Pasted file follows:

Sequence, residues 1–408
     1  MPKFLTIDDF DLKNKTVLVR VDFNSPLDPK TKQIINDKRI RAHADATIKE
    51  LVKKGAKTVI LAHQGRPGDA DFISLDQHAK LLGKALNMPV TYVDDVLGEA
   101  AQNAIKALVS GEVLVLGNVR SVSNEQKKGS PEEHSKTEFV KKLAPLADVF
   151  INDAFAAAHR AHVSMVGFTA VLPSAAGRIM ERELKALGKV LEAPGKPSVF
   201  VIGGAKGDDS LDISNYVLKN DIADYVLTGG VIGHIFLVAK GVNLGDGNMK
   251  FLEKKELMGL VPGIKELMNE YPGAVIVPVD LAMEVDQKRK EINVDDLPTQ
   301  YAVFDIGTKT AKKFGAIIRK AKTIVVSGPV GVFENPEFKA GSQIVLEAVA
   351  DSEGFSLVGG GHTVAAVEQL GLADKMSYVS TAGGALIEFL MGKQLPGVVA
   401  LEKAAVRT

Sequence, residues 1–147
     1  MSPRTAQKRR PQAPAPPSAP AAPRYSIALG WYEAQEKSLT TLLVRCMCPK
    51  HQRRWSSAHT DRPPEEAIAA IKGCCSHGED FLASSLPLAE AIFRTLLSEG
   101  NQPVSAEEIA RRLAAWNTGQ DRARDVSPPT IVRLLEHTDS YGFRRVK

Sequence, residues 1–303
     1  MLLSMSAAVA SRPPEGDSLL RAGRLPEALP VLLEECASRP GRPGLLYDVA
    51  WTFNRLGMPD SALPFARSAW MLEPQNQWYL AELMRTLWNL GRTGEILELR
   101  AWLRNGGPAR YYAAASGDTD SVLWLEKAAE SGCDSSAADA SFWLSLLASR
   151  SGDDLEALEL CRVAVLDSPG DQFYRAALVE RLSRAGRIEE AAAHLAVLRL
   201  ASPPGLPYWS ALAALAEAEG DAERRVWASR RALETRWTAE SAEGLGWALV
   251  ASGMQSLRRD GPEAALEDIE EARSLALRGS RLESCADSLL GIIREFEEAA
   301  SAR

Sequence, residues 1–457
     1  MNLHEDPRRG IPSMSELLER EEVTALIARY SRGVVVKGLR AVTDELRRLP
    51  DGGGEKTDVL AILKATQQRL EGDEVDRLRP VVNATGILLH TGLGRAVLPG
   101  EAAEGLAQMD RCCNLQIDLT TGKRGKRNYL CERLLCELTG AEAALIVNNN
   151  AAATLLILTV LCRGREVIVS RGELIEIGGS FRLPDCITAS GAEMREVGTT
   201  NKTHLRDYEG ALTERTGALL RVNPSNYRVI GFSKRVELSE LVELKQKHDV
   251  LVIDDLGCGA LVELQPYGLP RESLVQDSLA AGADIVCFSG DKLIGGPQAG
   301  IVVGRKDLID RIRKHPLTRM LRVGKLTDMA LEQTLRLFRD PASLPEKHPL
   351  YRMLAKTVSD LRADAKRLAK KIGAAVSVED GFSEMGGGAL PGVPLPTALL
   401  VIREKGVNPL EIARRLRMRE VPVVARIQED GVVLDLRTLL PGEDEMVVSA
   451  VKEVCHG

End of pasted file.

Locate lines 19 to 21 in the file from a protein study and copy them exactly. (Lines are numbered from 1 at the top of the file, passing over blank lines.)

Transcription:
   151  SGDDLEALEL CRVAVLDSPG DQFYRAALVE RLSRAGRIEE AAAHLAVLRL
   201  ASPPGLPYWS ALAALAEAEG DAERRVWASR RALETRWTAE SAEGLGWALV
   251  ASGMQSLRRD GPEAALEDIE EARSLALRGS RLESCADSLL GIIREFEEAA